In the corridors of the Kurdish National Council in Syria

The differences between the parties of the Kurdish National Council in Syria (ENKS) and the Kurdish National Unity Parties (PYNK) have once again surfaced in an atmosphere fraught with tension and not accepting the other at a time when the US is seeking to find an appropriate formula to bridge the views between the two sides of the intra-Kurdish dialogue and put an end to differences which had appeared earlier, but according to what is emerging on the political arena, there is a deliberate procrastination by the ENKS regarding the resumption of the intra-Kurdish dialogue.

The demands made by prominent leaders and officials of the ENKS for the resumption of the dialogue carried a semi-hostile tone and intransigence, which emphasize on “fifty-fifty share. These demands come at a time when the ENKS does not abide by the laws regulating within the Autonomous Administration of North and East Syria (AANES) areas, which prevent the work of any political movement or the practice of any partisan work within the Jazira region before obtaining official permission from the executive authorities, according to which they are also obligated to protect their headquarters by the Internal Security Forces (Asayish). We have recently witnessed deliberate targeting by “unidentified persons” of some headquarters of the Kurdistan Democratic Party in Syria (PDK-S).

In the same context, the ENKS has intensified its smear campaigns against the AANES, where it has recently accused the Autonomous Administration of working for the Syrian regime and implementing foreign agendas, knowing that, in their TV interviews, the ENKS leaders repeat their willingness to return to negotiations with the regime, the matter carries a kind of contradiction and heterogeneity in what they declare and what they dictate to the public.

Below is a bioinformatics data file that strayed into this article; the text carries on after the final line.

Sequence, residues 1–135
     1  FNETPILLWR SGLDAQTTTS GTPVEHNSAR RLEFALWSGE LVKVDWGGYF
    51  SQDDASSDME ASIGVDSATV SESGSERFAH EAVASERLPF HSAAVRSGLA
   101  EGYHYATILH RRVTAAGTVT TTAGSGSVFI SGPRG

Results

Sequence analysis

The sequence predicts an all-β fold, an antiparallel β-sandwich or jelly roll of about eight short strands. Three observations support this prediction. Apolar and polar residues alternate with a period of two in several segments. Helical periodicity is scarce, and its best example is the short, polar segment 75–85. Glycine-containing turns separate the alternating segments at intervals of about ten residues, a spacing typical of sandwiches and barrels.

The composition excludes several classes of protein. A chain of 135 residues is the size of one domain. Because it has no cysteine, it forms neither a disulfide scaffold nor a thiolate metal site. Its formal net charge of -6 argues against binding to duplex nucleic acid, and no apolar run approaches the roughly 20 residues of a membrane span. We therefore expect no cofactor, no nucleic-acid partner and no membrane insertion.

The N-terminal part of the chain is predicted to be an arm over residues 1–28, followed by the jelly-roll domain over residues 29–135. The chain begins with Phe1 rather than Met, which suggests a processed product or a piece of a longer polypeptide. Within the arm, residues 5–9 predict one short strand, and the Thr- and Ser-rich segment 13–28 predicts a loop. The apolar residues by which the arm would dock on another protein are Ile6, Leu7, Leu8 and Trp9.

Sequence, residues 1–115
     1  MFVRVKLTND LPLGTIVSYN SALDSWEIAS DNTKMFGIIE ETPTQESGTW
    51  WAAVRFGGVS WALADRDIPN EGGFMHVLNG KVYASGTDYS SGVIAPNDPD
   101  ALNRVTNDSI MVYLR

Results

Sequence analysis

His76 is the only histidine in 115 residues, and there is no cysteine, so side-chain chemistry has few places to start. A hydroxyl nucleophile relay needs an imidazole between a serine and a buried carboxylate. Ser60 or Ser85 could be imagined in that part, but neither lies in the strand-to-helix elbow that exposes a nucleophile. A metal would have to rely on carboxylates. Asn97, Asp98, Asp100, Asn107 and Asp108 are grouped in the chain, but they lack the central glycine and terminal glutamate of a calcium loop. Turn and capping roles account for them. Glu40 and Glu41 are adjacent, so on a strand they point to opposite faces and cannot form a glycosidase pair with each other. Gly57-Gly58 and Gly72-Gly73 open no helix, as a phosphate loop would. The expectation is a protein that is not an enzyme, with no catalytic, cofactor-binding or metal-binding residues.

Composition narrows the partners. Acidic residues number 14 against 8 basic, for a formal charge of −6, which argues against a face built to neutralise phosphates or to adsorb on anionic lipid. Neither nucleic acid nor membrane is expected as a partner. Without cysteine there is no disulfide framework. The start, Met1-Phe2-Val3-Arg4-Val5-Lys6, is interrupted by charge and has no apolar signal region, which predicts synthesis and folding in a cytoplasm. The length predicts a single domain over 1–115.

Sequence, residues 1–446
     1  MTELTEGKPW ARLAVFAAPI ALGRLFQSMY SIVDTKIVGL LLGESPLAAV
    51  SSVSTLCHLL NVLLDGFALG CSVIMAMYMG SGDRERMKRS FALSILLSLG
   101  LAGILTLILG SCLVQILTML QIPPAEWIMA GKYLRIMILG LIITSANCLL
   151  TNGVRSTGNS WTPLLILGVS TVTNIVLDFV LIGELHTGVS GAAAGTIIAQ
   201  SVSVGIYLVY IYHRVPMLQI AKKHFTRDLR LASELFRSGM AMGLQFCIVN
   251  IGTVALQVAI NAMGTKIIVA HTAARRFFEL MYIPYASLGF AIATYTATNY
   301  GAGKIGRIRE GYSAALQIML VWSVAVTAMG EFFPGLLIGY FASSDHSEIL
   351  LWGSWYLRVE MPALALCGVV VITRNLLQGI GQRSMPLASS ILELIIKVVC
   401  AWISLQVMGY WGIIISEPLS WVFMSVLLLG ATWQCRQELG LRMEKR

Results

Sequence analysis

These moves by the ENKS parties come in light of violent storms that strike at its ideological roots, and sharply divide it into two parts; the Kurdistan Democratic Party-Syria (PDK-S) led by Se’oud al-Mella, which directly depends on the Kurdistan Democratic Party (PDK) in northern Iraq, and the Yekiti Kurdistan Party-Syria (PYKS) led by Suleiman Oso, which directly depends on the Syrian National Coalition (SNC).

The PYKS attempts to mobilize the parties affiliated with ENKS to stand in the face of the control of the PDK-S over the joints of the Kurdish National Council. Most recently, the PDK-S attempts of consolidation have extended to the military institution known as Rojava Peshmerga, which was established by the Turkish intelligence in the Kurdistan region of Iraq.

In addition to the military institution, the PDK-S extension also included youth and women currents within the Kurdish National Council through supporting and reactivating the Kurdish youth movement and other women’s currents. This was met with the disapproval of the PYKS and pushed it to start launching extensive workshops against the leadership of the PDK-S to reduce the role that it played in deciding strategic issues.  The most prominent files that the PYKS worked on was the launch of return campaigns of the forcibly IDPs from Sere Kaniye (Ras al-Ain), Tel Abyad and Afrin, which weakened the position of the PDK-S within the Kurdish National Council and prompted the intensification of cooperation and communication between the Syrian National Coalition and the PYKS.

From the above, it can be concluded that the ENKS goal of delaying the return and resumption of the intra-Kurdish dialogue, is to settle scores within the itself and to work on reducing the influence of the PDK-S and its exclusivity over all issues whether the internal organizational matters or the external relations.